This post is written by Kristen Callow and re-published with permission. You can find the original article, (and a whole list of resources) here.
April 2nd is the U.N-declared World Autism Awareness Day, and very significantly, April is Autism Acceptance Month, a movement that is powered by the autistic community. These efforts are especially near and dear to my heart thanks to one beautifully quirky 8 ½ -year-old girl — my amazing “Aspergirl,” Juliet (pictured in her favorite AC/DC outfit at age 3, when she was formally diagnosed with ASD).
Many of you have followed our family’s journey on the autism spectrum over the years, so you appreciate that every single day is about autism awareness and acceptance for us. I am so grateful for your support and hope you will continue to back this “Mamma On A Mission” by taking a few moments to (re)read this post and then passing it along to your friends and family.
One of my prime motivations for being so open about our family’s experiences is to help other parents recognize some of the most common signs of ASD and to encourage them to follow “When in doubt, check it out” if they have concerns about their child’s development. At the same time, I am equally passionate about putting a human face on a condition that is too often plagued by harmful stereotypes and misinformation. But first…a refresher on the basics:
Autism spectrum disorder (ASD) is a lifelong, neurodevelopmental condition that is characterized by:
- Differences in communication and social interaction (use of verbal and non-verbal communication; relating to other people and sharing emotions)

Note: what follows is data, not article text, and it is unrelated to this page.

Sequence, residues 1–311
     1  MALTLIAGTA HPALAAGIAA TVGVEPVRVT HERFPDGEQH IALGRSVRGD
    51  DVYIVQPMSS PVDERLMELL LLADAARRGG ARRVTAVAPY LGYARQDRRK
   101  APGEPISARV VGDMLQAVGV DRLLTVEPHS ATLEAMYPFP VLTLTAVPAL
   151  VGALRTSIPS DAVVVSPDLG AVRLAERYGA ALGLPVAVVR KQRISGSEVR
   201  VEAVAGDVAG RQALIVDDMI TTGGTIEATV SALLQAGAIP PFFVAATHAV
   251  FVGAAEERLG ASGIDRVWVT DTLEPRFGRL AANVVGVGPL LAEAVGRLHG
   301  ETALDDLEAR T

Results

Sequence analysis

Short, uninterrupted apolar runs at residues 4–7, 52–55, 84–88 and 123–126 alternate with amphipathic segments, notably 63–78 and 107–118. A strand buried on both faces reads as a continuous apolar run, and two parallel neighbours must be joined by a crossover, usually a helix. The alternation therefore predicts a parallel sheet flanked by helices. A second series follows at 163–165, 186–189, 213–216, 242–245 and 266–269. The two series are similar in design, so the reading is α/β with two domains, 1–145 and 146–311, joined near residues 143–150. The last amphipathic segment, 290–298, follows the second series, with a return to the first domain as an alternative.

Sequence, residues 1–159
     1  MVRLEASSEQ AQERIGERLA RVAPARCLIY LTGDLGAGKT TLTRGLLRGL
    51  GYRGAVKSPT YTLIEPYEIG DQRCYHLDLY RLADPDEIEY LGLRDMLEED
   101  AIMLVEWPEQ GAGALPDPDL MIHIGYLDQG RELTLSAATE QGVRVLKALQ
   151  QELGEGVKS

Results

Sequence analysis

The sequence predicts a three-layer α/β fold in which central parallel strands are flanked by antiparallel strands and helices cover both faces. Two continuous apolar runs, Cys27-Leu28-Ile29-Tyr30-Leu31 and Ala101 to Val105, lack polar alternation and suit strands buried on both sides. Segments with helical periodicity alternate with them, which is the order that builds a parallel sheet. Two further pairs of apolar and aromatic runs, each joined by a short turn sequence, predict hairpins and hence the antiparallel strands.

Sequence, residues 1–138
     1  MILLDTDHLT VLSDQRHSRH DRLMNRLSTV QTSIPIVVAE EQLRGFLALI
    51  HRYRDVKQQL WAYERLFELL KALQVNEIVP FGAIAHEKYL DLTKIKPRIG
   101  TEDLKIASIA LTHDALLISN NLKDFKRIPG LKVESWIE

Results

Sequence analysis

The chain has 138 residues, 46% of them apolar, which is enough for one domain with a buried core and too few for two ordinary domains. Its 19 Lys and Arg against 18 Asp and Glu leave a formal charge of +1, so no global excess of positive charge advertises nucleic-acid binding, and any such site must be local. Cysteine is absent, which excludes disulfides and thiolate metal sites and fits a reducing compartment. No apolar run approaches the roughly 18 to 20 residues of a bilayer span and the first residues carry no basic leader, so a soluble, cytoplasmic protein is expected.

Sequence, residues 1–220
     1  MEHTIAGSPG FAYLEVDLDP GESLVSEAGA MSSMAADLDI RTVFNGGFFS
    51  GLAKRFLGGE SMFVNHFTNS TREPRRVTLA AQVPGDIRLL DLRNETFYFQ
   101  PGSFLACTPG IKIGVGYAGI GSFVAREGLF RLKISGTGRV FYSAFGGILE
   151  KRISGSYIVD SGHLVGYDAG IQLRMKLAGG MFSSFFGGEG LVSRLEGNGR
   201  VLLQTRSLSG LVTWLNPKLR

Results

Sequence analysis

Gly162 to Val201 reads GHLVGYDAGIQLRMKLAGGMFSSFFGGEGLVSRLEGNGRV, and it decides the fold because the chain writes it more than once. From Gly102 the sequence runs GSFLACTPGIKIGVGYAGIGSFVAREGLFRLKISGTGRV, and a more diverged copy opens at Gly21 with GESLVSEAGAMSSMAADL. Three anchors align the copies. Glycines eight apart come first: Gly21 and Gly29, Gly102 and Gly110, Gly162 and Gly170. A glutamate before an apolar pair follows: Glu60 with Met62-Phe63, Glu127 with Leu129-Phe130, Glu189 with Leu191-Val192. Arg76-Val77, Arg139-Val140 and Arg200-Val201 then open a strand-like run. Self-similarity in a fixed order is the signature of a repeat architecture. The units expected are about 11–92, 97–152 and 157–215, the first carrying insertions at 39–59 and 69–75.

- Restricted, repetitive patterns of behavior, interests or activities
Quite often, people on the autism spectrum also have significant sensory sensitivities (hypo and/or hyper sensitive).
Autistic educator and advocate Nick Walker explains autism in a much richer way:
Autism produces distinctive, atypical ways of thinking, moving, interaction, and sensory and cognitive processing. One analogy that has often been made is that autistic individuals have a different neurological “operating system” than non-autistic individuals.
[His full, thought-provoking definition can be found here].
A diagnosis of ASD now includes several conditions that used to be diagnosed separately: Autistic Disorder, Pervasive Developmental Disorder Not Otherwise Specified (PDD-NOS), and Asperger’s Syndrome. These conditions are now under one umbrella term, called autism spectrum disorder (ASD, or sometimes just referred to as “autism”). It’s called an autism spectrum precisely because the blend of symptoms, and the degree to which they affect a person, can vary dramatically.
The very latest figures from the U.S. indicate that 1 in every 68 children – 1 in 42 boys; 1 in 189 girls – has been identified as having ASD. Although the exact causes of autism are not certain, many experts belief that increased awareness in identifying and properly diagnosing children is significantly contributing to the rising rates. ASD can sometimes be detected by 18 months, or even before. By age 2, a diagnosis by an experienced specialist can be considered very reliable. However, many children are not formally diagnosed until much older, with some people not diagnosed until adulthood.